The Gift is not a psychic ability you are born with. It is exclusively bestowed to you by the Spirits or God, usually by being stillborn and returning, being “born blue,” or with a caul over the face at birth. This is where God marks the person for the Sight and the Gift to see things and witch things.
Regardless of this, this magic isn’t gender exclusive, only the Sight was thought to be. While I do not posses the great abilities my grandfather or grandmothers had, I have dreamed true. While I’ve only had a couple of spurts with the Sight, I dream true often; I know when someone’s plotting me, when someone’s blabbing about me, when something will happen etc.
In Appalachia, our magic is rustic at best. By biscuits and roots, wind chimes and pawpaw trees we work and pray to puts things in our favor and use this magic to figure those things that are problematic for our people. Appalachia has been hugely affected by poverty for a large Portion of its history. We have rampant drug issues currently, mostly meth, and our elders now sit with paid strangers, alone, in nursing homes. Or they’re simply forgotten about and left to fend for themselves.
Appalachian culture is struggling to remain alive amidst the advances swooping in from the rest of the world into our isolated mountains. Smart phones and smart cars have replaced breaking beans and riding bikes. Unexpected visits from family and far come friends is proceeded by scheduled luncheons and text messages telling you they’re coming.
Our food is being replaced by McDonald’s, Burger King, and fancy restaurants that only those doctors, lawyers, and professionals can even think about buying. Big lawns are now apartment parking lots and balconies. No one grows with the earth.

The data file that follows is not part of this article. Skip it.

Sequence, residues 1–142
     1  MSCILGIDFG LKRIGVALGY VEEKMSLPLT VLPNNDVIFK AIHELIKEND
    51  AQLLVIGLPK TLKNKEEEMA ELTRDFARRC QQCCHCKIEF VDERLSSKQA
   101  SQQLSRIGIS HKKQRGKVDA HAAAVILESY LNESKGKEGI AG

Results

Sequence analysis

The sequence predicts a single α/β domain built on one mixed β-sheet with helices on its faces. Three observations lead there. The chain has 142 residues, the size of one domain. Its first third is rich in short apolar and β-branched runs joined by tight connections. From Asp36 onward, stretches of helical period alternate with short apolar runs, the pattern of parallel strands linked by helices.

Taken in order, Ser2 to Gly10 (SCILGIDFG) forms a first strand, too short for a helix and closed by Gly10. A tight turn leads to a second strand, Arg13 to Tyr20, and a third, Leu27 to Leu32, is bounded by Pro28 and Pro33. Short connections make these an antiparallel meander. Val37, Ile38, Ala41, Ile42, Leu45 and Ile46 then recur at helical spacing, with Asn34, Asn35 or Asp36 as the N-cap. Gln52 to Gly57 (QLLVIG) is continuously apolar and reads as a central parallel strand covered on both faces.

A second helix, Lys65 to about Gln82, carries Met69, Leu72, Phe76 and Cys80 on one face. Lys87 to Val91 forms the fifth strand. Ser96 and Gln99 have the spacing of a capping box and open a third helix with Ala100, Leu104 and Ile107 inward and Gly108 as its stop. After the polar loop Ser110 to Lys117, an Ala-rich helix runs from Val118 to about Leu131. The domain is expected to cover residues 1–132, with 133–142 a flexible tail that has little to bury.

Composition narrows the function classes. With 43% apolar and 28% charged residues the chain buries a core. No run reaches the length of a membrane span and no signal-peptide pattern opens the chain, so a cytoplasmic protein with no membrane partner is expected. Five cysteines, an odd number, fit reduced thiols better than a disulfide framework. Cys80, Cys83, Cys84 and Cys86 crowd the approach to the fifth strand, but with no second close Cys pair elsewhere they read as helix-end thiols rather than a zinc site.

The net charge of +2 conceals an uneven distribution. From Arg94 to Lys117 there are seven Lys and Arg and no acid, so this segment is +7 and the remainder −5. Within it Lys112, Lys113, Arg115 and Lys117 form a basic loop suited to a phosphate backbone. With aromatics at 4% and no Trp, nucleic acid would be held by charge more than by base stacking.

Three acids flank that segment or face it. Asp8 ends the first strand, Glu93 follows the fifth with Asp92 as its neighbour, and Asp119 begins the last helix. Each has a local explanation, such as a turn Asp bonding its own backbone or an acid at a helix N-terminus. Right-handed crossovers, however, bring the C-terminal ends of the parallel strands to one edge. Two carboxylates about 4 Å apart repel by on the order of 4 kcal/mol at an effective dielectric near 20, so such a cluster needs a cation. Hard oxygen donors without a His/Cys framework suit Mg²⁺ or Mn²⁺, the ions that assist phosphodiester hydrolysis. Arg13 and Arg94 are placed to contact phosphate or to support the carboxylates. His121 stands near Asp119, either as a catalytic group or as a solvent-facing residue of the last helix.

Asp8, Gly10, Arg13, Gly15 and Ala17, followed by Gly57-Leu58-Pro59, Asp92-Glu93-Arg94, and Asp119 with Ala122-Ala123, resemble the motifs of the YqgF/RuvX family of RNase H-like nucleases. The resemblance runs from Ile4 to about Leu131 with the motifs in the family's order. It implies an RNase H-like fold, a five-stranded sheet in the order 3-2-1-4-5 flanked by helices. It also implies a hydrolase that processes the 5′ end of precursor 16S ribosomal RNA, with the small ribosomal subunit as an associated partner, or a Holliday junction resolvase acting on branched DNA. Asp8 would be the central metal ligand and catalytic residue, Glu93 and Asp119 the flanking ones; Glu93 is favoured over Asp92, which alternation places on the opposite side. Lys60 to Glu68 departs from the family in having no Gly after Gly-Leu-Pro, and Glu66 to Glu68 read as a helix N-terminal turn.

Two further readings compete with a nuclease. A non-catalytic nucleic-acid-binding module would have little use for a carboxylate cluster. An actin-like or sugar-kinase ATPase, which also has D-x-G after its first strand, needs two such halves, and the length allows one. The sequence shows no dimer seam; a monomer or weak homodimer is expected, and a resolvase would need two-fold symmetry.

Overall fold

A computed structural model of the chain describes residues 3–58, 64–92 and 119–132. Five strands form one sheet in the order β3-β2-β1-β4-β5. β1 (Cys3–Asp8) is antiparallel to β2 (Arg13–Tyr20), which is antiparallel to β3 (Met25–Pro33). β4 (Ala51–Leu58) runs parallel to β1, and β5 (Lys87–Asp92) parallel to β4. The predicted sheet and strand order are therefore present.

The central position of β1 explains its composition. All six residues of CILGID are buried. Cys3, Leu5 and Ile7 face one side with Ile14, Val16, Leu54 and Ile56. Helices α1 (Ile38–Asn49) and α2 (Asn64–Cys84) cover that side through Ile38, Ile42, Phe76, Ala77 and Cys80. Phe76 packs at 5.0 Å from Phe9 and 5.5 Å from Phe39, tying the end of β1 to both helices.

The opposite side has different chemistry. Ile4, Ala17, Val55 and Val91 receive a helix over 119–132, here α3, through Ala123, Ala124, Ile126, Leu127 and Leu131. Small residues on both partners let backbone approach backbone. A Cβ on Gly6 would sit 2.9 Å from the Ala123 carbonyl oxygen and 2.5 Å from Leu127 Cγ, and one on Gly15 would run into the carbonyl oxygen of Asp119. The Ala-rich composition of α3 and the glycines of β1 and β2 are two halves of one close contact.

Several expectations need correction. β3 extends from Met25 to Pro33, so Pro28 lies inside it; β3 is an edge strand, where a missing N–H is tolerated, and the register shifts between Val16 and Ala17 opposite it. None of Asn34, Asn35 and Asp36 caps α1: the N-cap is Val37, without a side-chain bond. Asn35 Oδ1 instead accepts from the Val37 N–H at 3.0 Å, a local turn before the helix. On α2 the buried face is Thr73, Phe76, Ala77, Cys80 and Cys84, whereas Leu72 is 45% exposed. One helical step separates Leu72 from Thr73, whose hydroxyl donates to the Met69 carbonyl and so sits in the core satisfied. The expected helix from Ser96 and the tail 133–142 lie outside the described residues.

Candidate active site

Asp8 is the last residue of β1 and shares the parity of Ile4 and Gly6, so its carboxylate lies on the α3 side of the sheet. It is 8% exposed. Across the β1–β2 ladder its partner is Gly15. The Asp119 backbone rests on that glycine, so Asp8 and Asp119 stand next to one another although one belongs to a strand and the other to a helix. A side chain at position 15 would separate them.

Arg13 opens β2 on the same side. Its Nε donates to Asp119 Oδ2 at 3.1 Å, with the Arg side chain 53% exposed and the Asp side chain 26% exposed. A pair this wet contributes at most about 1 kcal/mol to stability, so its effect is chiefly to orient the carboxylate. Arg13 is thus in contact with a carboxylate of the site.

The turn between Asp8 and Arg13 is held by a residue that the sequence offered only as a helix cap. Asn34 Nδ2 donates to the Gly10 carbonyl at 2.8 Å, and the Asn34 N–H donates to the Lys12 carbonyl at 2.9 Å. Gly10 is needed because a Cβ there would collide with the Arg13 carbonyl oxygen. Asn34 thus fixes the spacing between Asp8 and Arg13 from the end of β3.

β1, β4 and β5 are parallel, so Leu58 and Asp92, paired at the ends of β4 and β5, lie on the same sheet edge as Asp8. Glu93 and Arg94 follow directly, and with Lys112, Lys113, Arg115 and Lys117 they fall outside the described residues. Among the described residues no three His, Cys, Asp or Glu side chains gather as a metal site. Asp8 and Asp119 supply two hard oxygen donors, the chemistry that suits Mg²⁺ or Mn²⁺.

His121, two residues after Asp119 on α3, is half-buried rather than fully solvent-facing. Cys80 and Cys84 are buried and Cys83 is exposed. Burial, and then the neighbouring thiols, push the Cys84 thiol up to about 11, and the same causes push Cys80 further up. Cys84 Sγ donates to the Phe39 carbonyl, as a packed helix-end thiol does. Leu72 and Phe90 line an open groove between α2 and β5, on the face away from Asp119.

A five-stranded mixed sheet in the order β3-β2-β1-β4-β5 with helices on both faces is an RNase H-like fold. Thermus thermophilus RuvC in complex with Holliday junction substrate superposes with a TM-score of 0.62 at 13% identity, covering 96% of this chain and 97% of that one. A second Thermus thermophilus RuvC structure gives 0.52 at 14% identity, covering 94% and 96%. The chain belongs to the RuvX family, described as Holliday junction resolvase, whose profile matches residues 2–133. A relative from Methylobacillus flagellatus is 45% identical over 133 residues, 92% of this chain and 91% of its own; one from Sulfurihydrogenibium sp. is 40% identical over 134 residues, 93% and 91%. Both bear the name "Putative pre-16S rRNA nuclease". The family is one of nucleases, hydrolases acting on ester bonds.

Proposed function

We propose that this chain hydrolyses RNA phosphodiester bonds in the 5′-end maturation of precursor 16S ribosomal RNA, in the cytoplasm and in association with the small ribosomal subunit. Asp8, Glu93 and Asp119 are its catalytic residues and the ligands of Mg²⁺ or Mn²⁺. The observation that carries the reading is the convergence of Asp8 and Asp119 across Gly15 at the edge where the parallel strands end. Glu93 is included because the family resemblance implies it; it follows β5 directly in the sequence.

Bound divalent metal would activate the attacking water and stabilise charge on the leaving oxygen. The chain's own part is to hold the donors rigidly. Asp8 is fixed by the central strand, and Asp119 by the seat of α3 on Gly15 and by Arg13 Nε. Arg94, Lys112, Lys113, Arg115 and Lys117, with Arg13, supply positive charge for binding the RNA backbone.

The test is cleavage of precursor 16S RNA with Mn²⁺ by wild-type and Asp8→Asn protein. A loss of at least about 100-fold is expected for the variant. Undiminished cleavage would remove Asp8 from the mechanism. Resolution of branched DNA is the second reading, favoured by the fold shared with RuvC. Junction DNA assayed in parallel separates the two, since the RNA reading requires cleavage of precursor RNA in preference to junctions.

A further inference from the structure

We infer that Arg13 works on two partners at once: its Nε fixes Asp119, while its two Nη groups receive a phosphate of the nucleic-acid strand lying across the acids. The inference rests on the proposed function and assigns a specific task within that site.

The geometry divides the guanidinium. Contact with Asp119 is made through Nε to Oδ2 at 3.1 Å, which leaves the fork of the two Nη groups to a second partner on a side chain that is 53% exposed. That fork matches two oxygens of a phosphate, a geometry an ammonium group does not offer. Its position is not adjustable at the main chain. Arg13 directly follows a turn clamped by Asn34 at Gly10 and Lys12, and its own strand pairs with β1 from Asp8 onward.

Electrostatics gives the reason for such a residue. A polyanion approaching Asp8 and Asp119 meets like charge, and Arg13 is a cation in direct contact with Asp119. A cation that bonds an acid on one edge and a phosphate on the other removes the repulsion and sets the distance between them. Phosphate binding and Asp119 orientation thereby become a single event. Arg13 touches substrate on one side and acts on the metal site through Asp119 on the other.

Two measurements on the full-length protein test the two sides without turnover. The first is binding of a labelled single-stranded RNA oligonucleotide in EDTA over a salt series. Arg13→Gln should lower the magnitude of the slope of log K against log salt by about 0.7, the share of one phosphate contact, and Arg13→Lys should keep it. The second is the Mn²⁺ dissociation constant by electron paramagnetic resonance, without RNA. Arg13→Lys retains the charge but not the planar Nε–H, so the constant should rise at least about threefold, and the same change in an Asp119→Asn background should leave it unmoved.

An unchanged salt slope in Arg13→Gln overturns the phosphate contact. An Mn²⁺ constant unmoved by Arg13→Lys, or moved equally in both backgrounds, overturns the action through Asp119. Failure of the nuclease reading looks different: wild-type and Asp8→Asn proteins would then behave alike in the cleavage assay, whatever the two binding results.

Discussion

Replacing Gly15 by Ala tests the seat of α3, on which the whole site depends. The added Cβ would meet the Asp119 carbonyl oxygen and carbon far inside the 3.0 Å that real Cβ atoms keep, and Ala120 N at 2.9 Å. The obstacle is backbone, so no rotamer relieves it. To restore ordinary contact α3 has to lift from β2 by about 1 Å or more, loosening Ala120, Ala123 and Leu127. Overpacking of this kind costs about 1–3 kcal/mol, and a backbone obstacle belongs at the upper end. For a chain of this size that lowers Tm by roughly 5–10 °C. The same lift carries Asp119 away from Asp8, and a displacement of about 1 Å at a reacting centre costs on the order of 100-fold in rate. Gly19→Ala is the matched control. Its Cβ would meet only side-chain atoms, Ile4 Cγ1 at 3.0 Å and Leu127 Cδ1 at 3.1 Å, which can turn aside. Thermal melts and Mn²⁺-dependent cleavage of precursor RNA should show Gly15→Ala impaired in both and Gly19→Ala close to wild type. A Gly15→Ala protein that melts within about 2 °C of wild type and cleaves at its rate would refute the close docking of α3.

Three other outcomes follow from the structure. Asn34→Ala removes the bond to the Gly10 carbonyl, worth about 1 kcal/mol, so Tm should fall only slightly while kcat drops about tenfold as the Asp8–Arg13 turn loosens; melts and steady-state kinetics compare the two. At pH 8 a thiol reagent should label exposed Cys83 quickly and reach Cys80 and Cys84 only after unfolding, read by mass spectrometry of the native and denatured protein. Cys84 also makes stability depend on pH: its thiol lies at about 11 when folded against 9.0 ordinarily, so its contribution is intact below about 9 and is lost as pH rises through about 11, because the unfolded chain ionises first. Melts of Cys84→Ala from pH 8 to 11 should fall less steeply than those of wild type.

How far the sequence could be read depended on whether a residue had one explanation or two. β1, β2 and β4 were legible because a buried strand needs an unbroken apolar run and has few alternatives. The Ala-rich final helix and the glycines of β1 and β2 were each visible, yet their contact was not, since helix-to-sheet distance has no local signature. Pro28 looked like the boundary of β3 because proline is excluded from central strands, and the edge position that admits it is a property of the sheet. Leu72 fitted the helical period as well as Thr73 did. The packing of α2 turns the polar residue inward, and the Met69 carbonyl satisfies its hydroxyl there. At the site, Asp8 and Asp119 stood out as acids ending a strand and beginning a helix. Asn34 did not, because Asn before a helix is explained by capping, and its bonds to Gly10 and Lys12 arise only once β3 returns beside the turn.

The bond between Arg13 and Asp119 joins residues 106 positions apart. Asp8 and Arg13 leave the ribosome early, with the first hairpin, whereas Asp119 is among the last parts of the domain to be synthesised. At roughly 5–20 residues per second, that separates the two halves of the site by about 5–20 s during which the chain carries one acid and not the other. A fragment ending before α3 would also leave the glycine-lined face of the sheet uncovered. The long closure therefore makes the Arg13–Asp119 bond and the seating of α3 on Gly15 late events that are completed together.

Well shit, here I am rambling. Anywho, Appalachian Folk Magic is a unique tradition of American Folk Magic. It is the mother tradion of the Folk Magic in the Ozarks and Sister to the Pennsylvania Powwow tradition which is largely influenced by german folklore. Our nearest cousin is the folk healing and magic in the low country, and next to that the hoodoo of the deep south.
Many people today try to broadcast it as something entirely different. We don’t use crystals, we traditionally didn’t burn incense much (the old folks had allergies, but today’s folks use it often). We don’t worship foreign gods such as Demeter, Jack Frost etc. so get that out of your head. Appalachian Magic brewed in a Baptist and Penecostal region. Many workers, even today, are still Baptists or some other denomination. We work and pray to The Most High and the Holy Trinity. We read bones and playing cards, we speak with the river and watch the heavens for signs.
We are a simple folk, easy to know, but hard to learn from.
We do things in a not so normal way compared to other regions of the country. We hold our beliefs and family closer than anything, and we guard our culture from outsiders. You will not learn anything tradional from an Appalachian doctor unless they believe you’re worthy. Even then he may not share all his secrets. When we share our formulas with other people they begin to lose their power, because it’s thought that by telling another about it, the worker is splitting the power in two, or dilutIng it.
In my course I will share some secrets, but I never tell my whole trick. A good Witch never does ya know. If you go off telling folks how to do for themselves you’d be out of a business. No longer needed.
I do however share tidbits of information, those I have received from others and what I’ve learned from family. So stroll through this site and maybe hop over to my blog to learn more about the twisted roots and greasy pans we frequent our magic with.
You can learn much more in my up coming book with weiser publishing Spring 2019, currently being called “Backwoods Witchcraft: The hoodoos of Appalachia.”
Holy Stones & Iron Bones
Magic and Witchcraft in Appalachia
Magic and Witchcraft in Appalachia